Large increase in number of fake weight-loss drugs seized by watchdog in 2024

Officials warned consumers of risks from falsified versions of Ozempic and Wegovy

An authentic Ozempic needle, left, and a counterfeit needle, right. Photograph: FDA via AP

The number of falsified weight-loss drugs seized by the medicines watchdog in the first five months of the year is 150 per cent higher than the total number in all of 2023, new figures show.

On Friday, the Health Products Regulatory Authority (HPRA) issued a statement warning consumers of the risks of falsified versions of semaglutide products such as Ozempic and Wegovy.

These products are typically used to treat diabetes and obesity, but have been growing in popularity due to online personalities and celebrities showing the drugs’ effect on weight loss.

Falsified medicines are fake medicines that are designed to mimic their real counterparts. The HPRA has warned the public that they can contain harmful substances or incorrect dosages, “thereby threatening the health and the effectiveness of any essential treatment a patient may require”.


In 2024, as of the end of May, the HPRA has detained 656 units of falsified semaglutide. Products detained include tablets, vials of white powder or clear liquid labelled as containing semaglutide and boxed pens being presented as a generic version of the product.

In 2023, 254 units of falsified semaglutide were detained, up from 32 units in 2022.

The HPRA said it has noted the increase in detentions and overall demand for these products; however, “figures are still low when compared with other detentions”. The statement said that nonetheless the HPRA is “monitoring this situation closely”.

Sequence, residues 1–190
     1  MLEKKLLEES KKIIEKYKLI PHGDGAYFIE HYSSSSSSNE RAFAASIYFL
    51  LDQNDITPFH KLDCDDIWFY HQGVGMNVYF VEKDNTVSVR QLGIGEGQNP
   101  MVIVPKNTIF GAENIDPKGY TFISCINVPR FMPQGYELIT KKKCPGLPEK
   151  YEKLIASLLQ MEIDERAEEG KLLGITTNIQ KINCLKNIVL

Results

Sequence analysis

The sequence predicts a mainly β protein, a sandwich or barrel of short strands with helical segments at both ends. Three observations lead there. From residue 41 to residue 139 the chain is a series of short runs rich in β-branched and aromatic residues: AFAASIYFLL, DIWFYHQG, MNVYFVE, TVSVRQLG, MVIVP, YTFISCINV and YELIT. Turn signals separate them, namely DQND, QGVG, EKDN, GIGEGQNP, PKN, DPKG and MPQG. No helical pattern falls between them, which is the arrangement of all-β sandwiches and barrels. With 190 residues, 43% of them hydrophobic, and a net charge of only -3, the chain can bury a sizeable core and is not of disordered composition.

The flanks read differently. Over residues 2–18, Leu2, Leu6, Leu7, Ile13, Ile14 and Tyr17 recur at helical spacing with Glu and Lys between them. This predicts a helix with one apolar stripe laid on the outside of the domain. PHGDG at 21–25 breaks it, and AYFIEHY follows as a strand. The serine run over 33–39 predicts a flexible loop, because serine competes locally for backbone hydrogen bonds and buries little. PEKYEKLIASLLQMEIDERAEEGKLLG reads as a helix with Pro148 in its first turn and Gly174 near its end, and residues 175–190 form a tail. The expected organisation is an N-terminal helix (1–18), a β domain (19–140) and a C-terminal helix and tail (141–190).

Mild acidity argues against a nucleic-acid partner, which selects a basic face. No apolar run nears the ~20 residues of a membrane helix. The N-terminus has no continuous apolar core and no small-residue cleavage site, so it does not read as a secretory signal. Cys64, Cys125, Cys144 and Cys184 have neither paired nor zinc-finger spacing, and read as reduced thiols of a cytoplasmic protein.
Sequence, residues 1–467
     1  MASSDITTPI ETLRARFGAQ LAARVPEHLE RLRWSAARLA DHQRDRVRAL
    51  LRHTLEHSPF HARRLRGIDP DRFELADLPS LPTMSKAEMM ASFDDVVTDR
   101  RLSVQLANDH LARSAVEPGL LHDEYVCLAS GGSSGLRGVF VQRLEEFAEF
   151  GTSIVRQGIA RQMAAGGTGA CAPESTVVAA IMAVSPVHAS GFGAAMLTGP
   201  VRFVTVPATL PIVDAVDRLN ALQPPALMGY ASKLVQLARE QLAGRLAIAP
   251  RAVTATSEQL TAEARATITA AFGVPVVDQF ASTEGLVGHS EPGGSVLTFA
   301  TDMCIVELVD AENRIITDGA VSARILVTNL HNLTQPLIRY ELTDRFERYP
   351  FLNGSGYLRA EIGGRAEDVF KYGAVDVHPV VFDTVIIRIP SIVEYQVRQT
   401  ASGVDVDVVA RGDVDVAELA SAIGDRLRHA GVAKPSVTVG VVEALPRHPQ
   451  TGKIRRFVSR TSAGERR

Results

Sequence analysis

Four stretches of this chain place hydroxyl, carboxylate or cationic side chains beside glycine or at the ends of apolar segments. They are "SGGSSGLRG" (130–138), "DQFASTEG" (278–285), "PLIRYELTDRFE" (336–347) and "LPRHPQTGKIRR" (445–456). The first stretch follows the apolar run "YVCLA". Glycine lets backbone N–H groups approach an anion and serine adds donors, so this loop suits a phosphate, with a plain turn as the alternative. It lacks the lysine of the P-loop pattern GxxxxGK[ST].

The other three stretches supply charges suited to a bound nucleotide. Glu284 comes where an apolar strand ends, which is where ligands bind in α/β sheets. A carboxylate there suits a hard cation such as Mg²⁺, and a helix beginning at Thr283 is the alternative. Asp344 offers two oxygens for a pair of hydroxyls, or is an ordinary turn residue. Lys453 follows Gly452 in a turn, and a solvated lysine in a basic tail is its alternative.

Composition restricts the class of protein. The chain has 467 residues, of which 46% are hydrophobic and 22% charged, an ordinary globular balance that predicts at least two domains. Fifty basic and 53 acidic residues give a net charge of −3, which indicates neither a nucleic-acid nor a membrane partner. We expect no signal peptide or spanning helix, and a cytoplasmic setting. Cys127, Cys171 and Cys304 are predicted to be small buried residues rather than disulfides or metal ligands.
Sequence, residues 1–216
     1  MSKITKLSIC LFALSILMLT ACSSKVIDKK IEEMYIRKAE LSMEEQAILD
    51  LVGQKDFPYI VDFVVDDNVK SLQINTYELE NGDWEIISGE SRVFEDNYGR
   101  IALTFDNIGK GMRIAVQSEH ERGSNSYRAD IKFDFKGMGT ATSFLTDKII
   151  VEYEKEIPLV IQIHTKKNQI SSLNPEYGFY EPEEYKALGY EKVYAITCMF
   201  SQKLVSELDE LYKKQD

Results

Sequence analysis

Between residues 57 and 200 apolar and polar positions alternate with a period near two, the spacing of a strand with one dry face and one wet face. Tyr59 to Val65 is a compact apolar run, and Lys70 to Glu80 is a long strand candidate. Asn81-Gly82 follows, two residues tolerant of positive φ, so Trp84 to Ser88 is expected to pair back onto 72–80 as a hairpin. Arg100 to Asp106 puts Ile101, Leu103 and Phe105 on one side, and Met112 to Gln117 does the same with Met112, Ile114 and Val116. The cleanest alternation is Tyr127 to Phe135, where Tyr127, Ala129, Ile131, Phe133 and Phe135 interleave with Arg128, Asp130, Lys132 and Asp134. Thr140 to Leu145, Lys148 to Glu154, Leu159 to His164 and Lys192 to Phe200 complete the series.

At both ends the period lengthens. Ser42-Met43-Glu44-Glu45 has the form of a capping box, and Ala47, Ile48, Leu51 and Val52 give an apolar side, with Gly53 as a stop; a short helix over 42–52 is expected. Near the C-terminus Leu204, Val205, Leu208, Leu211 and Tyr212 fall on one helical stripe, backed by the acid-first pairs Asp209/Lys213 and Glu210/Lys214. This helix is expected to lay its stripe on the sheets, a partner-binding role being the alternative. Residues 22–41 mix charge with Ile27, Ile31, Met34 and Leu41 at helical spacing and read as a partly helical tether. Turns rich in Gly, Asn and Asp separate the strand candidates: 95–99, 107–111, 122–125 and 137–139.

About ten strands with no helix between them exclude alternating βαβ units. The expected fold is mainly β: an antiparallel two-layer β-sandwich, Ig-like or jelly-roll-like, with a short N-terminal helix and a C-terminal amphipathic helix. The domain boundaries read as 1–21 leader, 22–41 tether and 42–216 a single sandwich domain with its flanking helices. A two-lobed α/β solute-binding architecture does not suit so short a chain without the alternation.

Demand for weight loss drug more than 45 times higher than expectedOpens in new window ]

The HPRA statement comes following a warning from the World Health Organisation about the growing incidence of these falsified products being identified in markets across the world.

As part of its regulatory activities, the HPRA routinely monitors and takes action against websites, social media sites and ecommerce listings which are advertising the online sale or supply of prescription medicines into Ireland.

This monitoring includes the products Ozempic, Rybelsus and Wegovy, all of which contain the active ingredient semaglutide, the HPRA said.

In 2023, 169 websites, ecommerce or social media pages advertising or supplying semaglutide were removed or amended by the HPRA. A further 144 pages have been removed in 2024 to date.

The HPRA said it is “always best to seek advice from a healthcare professional about any health concerns people may have rather than consulting online websites”.

It urged consumers to source their prescription medicines through the standard practice of accessing a prescription from your doctor, to be dispensed through your local pharmacy.

Shauna Bowers

Shauna Bowers

Shauna Bowers is Health Correspondent of The Irish Times